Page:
Monaco is the second smallest country in the world, and Monte Carlo is its capital, our fourth day itinerary was to spend a day in Monte Carlo. The weather meanwhile had changed to dark and gloomy. The bright sun of the previous day had hidden behind dark threatening clouds. Monte Carlo ‘is a small and rich city’, that was my first impression of the city. The people, their style, the stores, the palace, every step in that little place spelt ‘plenty’. On such moments the poverty of my own country stands out in stark contrast, but we are a vast country, and in every sphere of life, size does matter ! We saw the casino where James Bond had gambled with swag, but we neither had time, money or the swag for indulgence. Though there was a palace in Monte Carlo, the doors were not open to the tourists. The thundering clouds of the morning had turned into a thunderstorm, and to stay dry from the rains we entered the world beneath the waters, that is the famous Oceanography museum of Monte Carlo. An hour or more blissfully passed with the underwater friends keeping us dry. Monaco’s biggest Cathedral is the church of the Grimaldi dynasty. All cathedrals over the world have a distinguishing character, some in its art form, some in its architectural magnificence. I walk through the cathedral gazing at the marvel of art and architecture , a humbling silence envelopes the atmosphere all around. This humbling silence I suppose is common for all cathedrals, the presence of that power where we must bow at least once in a life time. We often get blinded in life either by dazzle or by absolute darkness. But when the mist clears we get to see the drift of things. As though symbolically after a whole day of clouds and rain the sky cleared up when we stepped out of the Grimaldi Cathedral and sighted the most spectacular double rainbow, a full rainbow had encompassed the sky and the shadow of the rainbow in the oceans below made it look like a full circle. Some views leave you spell-bound for days and you know that you are willing to come back to this very same place again and again just to witness the magic once more. It is always worth the wait for the silver lining from behind the cloud to appear and fill us with light, or else we may never know what colors awaits us in that rainbow of life !
December 27. Day 5.
On day five it was our time to say bye to Nice and take a train ride to Avignon. We changed trains once at Marseille and reached Avignon by noon.Tugging and heaving with two heavy suitcases and two smaller bags ( mostly carried by the children) we reached a city which is part of the famous Provence region of France. During the period from 1309 to 1376 seven successive popes had resided in Avignon ,all under the influence of the French Crown. To know about the history of a place and to see the place with your present day sensibilities are two different things. I had seen Vatican before, and now standing in Avignon I thought how the popes too had to abandon their place of residence due to politics of the rulers, or it would not be incorrect to say that the popes too were part of the politics. Politics ,power and religion have surely been the strangest bed fellows for centuries. We had chosen a hotel in the old city of Avignon, with the palace of the popes, the church all within walking distance. I could almost imagine history walking on those cobbled stoned roads on which we are treading even today. Close to our hotel was a beautiful broken bridge which was either left unfinished, or broken by the raging waters of the river. Standing on that bridge that evening we saw another sun set, the moon rising slowly and an evening melting into night. I wondered of the popes who would have seen this beauteous sun set from this very town, miles away from home ( Vatican), just like me. Centuries stand between history and us, but the past is kept alive through the centuries by our desire to know and understand the pages of history !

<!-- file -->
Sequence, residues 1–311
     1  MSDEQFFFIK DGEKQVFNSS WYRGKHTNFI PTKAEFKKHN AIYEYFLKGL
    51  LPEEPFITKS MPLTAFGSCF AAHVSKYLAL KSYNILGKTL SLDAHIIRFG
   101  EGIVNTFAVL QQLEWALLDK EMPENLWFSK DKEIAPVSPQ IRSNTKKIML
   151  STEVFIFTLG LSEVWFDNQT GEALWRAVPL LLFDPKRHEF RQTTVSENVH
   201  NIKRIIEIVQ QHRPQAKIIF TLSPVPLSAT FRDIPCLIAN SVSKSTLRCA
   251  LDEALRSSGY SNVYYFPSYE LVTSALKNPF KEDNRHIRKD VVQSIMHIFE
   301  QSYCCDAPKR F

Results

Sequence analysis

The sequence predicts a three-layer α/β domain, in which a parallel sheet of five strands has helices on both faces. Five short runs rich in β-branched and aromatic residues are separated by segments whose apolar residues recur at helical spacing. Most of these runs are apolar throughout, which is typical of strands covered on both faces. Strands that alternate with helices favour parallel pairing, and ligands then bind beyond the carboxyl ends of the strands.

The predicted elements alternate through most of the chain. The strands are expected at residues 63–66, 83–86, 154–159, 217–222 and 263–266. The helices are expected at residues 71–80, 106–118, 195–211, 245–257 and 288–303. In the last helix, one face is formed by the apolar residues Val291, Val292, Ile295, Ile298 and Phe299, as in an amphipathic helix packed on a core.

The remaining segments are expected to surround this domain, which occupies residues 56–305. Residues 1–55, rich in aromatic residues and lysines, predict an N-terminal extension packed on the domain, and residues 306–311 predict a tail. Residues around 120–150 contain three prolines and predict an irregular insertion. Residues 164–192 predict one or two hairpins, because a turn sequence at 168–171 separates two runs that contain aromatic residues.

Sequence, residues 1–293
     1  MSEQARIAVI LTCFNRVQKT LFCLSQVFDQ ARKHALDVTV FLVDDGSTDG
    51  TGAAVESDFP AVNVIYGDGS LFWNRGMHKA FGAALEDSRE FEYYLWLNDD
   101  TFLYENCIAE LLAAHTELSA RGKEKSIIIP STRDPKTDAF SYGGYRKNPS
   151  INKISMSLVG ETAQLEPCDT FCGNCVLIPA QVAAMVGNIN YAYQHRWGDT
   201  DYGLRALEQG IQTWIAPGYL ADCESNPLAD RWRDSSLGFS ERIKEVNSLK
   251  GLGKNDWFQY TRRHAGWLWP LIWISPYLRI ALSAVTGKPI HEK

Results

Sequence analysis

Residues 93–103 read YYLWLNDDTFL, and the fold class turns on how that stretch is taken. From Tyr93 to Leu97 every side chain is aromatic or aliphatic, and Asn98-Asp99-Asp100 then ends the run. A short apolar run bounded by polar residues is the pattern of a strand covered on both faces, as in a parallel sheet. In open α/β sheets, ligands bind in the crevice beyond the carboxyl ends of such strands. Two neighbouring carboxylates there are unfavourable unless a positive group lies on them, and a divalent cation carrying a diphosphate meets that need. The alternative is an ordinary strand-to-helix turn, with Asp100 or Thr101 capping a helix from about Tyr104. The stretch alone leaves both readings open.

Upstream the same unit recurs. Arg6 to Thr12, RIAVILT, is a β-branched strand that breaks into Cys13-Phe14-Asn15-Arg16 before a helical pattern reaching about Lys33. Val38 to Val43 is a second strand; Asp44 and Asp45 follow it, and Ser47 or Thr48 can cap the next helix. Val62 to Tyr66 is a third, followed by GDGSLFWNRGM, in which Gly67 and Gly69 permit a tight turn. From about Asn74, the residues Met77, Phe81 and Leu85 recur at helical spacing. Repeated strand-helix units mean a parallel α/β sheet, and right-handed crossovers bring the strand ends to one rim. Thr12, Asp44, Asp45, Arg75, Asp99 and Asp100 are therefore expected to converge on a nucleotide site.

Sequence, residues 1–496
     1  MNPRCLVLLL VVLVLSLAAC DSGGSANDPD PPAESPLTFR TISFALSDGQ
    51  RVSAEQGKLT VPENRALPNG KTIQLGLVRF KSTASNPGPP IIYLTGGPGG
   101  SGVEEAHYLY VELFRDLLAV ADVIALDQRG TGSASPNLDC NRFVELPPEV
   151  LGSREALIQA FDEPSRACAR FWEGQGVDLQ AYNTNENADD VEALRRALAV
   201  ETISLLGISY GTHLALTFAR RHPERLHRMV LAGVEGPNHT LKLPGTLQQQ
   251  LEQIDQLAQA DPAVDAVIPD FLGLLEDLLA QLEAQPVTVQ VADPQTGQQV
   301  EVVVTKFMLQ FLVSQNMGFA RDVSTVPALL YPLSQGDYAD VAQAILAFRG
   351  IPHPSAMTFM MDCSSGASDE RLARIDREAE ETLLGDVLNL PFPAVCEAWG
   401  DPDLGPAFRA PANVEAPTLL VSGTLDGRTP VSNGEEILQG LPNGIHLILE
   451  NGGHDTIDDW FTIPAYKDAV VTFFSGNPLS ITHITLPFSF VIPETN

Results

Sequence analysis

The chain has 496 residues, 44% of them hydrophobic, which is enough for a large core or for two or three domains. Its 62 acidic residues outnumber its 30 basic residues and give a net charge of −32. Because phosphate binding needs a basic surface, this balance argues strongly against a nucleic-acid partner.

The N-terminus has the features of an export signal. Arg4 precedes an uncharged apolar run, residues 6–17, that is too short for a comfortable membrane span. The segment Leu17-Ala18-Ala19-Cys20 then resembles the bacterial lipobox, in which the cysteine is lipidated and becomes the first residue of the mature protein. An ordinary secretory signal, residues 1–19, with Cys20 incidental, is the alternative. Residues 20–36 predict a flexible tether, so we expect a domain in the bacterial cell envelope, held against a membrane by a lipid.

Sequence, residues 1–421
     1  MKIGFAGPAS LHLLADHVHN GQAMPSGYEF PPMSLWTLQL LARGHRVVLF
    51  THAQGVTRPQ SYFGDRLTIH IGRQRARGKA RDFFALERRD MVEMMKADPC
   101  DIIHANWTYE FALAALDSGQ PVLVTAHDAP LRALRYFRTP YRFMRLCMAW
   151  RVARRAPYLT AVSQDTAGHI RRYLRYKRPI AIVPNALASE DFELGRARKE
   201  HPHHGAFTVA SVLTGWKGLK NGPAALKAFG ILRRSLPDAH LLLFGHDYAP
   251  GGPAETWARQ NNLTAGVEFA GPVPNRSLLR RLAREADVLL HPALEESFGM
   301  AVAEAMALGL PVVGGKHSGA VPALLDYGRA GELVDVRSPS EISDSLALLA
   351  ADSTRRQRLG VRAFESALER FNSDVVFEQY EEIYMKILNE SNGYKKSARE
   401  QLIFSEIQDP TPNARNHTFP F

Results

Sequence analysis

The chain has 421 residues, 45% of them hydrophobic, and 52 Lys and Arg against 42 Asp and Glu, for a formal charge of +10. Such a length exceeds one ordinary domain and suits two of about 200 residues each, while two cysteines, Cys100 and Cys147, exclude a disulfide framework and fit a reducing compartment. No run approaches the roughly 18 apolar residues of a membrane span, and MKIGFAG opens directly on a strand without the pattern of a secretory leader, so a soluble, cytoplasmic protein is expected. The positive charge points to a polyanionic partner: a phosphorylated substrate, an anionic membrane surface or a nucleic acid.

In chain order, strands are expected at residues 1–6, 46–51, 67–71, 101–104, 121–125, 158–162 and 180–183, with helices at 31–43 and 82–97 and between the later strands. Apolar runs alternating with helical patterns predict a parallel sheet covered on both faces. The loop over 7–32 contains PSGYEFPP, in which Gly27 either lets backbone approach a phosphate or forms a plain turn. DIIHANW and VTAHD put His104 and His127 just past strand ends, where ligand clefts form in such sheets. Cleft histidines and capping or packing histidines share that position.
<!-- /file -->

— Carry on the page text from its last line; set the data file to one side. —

December 28. Day 6.
The next day in Avignon was spent discovering the city of lavender ( not in season though). Like a huge pandora ‘s box the city shops had opened their doors to the tourists. And we felt as though we were playing around in a maze. We walked through lanes and saw shops selling chocolates, candy, candles, soaps, wooden toys, postcards, books, linen, dainty aprons, so much more and the theme that ruled in all the merchandise was lavender, either in fragrance or in embroidery or colors or pictures. Wonderful French wine and bread kept our spirits going all through the day. There was much more to be seen of the Provence panorama, but we did not have the luxury of time. And when the time comes we all must exit, walking on bridges not knowing where the road will take us, yet the journey continues !
December 29. Day 7.
The year was coming to an end and so was our week long vacation by the French Riviera. The weather was challenging our tropical bones every day. Cold winds, occasional drizzles and the sun often hiding behind dark clouds made me shiver each time I had to step foot out doors. Like an old grandmother I looked for the warmth of fire places every time we entered any place to have a meal. The children on the other hand were brimming with energy and warmth. The train to Marseille traversed through some very scenic countrysides. Keeping the weather and time constraints in mind we had booked tickets for the hop-on and hop-off city tour buses for day sight seeing at Marseille. It was a double decker bus and the children went up the stairs to get the best view possible, whereas I settled in the lower deck with my scarf around my neck and trying to keep myself warm. The view of the city from the Notredame church was like looking down at all things beautiful all at once. On one side was the vast ocean with big and small boats sailing, the city looked perfect with the old and new world charm interwoven in complete harmony. At that height the wind was blowing harshly trying to throw us off balance but we stood transfixed taking in the beauty all around. Marseille, a very popular tourist destination, was one of the last places we saw before winding up our journey from the French Reviera . In our bags we had collected gifts from Provence for our friends back home. And in our hearts we had collected memories to keep reminding us of a holiday so special. The wind, the chill, the rains, none could break our spirit, for we were resilient travelers, determined to complete the journey we had begun.
December 30. Day 8.
From the French country the mother-daughter duo flew together to New York. And the son returned back home to India , to his father, just in time to bring in the new year together. I entered a snow covered New York City, my daughter’s home away from home, and mine too for the days to come. The next day was 31st December, the time to change the calendar once more. It is not the dates, or geographical boundaries that make any day special, it is that little light of hope within us that awaits for new beginnings at every turn .Holidays are like living a life of fairytale, almost on borrowed time and borrowed places. Fortunate are those who can travel, and blessed are those who can unravel the travel, making the journey a way of life !